During each 8-hour shift I was expected to produce daily diaries for half of the contestants, write one feature article a day and one ‘he did, she did’ short per hour. If I was on a day-shift it was my duty to do a poll at a local shopping centre or write a quiz for online viewers, and if it was an elimination Sunday I had to interview the eliminated housemates and family members of other housemates present at the elimination. I also had to capture my own stills from the daily live feed. What a brilliant experience it was and I had great fun making up tittilating article titles and provocative photo captions.
It was chaotic at times and hilarious at others and the writing came easily when the house was full of housemates, each one eager to out-perform their competition. But once the contestants were eliminated, my shift-mate and I found ourselves writing about the house cats because the two remaining housemates slept the days away, and really the writers were forced, as our editor said, to make “koek from kak.”
Towards the end of the event, I was tasked with interviewing the mother of one of the contestants; the press had slated her for being a bad mother and so when I telephoned her, it took a lot of calm negotiating to get her to agree to the interview. She was embarrassed about the way her family had come across in the local sensationalist mag that had already interviewed her and she was eager to minimise her family’s exposure to public scrutiny, even though her daughter had already outed the family skeletons in such a public way. It must have taken me well over half an hour of just listening and reassuring her until she agreed to be interviewed.
Families are not perfect, parents are fallible. When I interviewed the contestant’s mother and when I finally wrote the story, I realised that as a writer I didn’t have to add to her pain and humiliation by continuing to present the hardships of her family in a judgemental way; there is more to a person’s life than some bad choices they’ve made. It was my first interview and an extremely valuable lesson: writing about other people demands respect and an ethical responsibility from the writer.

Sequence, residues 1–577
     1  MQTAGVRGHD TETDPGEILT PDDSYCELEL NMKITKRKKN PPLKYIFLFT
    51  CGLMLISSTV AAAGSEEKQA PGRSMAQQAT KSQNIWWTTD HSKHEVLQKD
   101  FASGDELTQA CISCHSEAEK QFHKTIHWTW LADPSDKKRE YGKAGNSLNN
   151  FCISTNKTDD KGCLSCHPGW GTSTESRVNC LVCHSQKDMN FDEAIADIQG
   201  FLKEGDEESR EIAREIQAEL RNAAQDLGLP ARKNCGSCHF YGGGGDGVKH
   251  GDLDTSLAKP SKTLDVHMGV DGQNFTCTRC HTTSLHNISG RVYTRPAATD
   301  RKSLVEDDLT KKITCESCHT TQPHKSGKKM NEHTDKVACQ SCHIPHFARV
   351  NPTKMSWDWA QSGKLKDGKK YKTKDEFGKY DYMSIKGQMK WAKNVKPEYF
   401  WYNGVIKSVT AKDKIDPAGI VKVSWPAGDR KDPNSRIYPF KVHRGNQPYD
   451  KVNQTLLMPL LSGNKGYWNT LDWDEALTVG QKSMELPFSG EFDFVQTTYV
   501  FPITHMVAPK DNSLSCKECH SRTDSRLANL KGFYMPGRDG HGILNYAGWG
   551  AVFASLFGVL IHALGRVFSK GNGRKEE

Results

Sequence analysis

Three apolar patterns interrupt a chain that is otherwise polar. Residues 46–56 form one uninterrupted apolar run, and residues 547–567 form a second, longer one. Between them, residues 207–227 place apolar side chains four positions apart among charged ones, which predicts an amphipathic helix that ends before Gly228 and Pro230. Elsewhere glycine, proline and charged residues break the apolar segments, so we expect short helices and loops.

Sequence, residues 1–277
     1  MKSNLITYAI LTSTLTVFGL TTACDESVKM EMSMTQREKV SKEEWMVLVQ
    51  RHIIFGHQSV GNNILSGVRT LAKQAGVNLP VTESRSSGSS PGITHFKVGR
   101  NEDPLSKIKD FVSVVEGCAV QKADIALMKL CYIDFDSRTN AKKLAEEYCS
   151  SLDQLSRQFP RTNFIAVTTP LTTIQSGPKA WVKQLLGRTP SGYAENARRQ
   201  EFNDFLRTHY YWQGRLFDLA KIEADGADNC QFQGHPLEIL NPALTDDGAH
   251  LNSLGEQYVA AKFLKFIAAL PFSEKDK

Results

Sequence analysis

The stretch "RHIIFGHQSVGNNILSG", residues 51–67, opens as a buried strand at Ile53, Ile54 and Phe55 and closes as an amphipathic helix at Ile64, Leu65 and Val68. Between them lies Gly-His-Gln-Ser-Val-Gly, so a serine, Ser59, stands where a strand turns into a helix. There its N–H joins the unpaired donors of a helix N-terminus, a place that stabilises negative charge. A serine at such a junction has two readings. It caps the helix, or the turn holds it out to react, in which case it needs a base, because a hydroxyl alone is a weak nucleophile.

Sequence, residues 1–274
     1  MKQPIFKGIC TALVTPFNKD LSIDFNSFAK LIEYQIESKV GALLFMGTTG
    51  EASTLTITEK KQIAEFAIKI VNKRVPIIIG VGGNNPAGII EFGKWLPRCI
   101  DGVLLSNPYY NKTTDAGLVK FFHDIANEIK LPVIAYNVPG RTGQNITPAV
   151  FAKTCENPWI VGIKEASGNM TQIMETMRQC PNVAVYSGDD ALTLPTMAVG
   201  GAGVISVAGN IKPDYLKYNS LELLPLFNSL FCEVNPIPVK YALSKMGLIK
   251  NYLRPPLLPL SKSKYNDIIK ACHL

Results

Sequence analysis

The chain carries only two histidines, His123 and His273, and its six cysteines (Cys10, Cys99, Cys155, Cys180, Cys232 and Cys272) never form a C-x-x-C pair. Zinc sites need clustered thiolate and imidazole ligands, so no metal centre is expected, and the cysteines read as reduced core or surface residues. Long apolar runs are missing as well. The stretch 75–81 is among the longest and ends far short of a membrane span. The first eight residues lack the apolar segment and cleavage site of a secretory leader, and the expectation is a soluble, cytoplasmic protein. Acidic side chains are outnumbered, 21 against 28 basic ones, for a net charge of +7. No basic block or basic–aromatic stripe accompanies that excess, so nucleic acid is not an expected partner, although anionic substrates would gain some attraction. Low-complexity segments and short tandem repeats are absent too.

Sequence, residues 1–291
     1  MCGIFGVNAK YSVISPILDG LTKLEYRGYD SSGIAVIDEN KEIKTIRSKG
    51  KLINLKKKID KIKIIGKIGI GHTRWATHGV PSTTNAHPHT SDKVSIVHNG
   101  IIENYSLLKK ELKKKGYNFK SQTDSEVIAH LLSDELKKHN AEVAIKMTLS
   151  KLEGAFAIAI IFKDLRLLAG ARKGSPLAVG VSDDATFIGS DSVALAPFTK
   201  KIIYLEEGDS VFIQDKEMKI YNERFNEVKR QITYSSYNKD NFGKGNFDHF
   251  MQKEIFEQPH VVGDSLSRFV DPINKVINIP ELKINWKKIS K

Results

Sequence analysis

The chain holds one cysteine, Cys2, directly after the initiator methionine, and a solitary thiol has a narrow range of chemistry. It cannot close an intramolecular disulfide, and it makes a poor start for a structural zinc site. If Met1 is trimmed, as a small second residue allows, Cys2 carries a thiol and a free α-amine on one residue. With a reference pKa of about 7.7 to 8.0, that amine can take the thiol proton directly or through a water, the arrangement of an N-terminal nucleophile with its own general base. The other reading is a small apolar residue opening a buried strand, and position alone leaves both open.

Since then I’ve written a few profiles of people and I’ve managed to present the people as I found them, allowing their own words and their environments to paint them, trying to minimise my own prejudices or views.
For one of the elective courses that I took at varsity I had to interview someone I didn’t know and I interviewed a biker who trawled our suburb like a contemporary cowboy. He agreed to the interview and all was going well until he launched into a sermon on Krishnamurti and then he reached across the coffee table and pinched me viciously on my arm – to illustrate a point about feeling. I was stunned at how he reached across the boundary of writer/subject; this wasn’t supposed to happen. He then told me that if I had not interviewed him that morning, he had planned to end his unravelling life! At the end of the interview, he gave me his card, I gave him mine, but neither of us ever used each other’s number again and although I wrote the article, I never attempted to publish it. The experience sort of turned me off writing profiles.
However, I’m still a voyeur, what with my Big Brother training and all that; but these days I watch and I write and I imagine and I use all of those imaginings in my fiction. Fiction is a much smarter genre in which to manipulate the lives of your characters without anyone really getting hurt.
For the record, I haven’t watched a Big Brother episode since I uploaded my last story on the Big Brother II website. But, I’m a girl in touch with my roots, and I know that I’m the writer I am today because of the lessons I learned in the green room at M-Net in Randburg.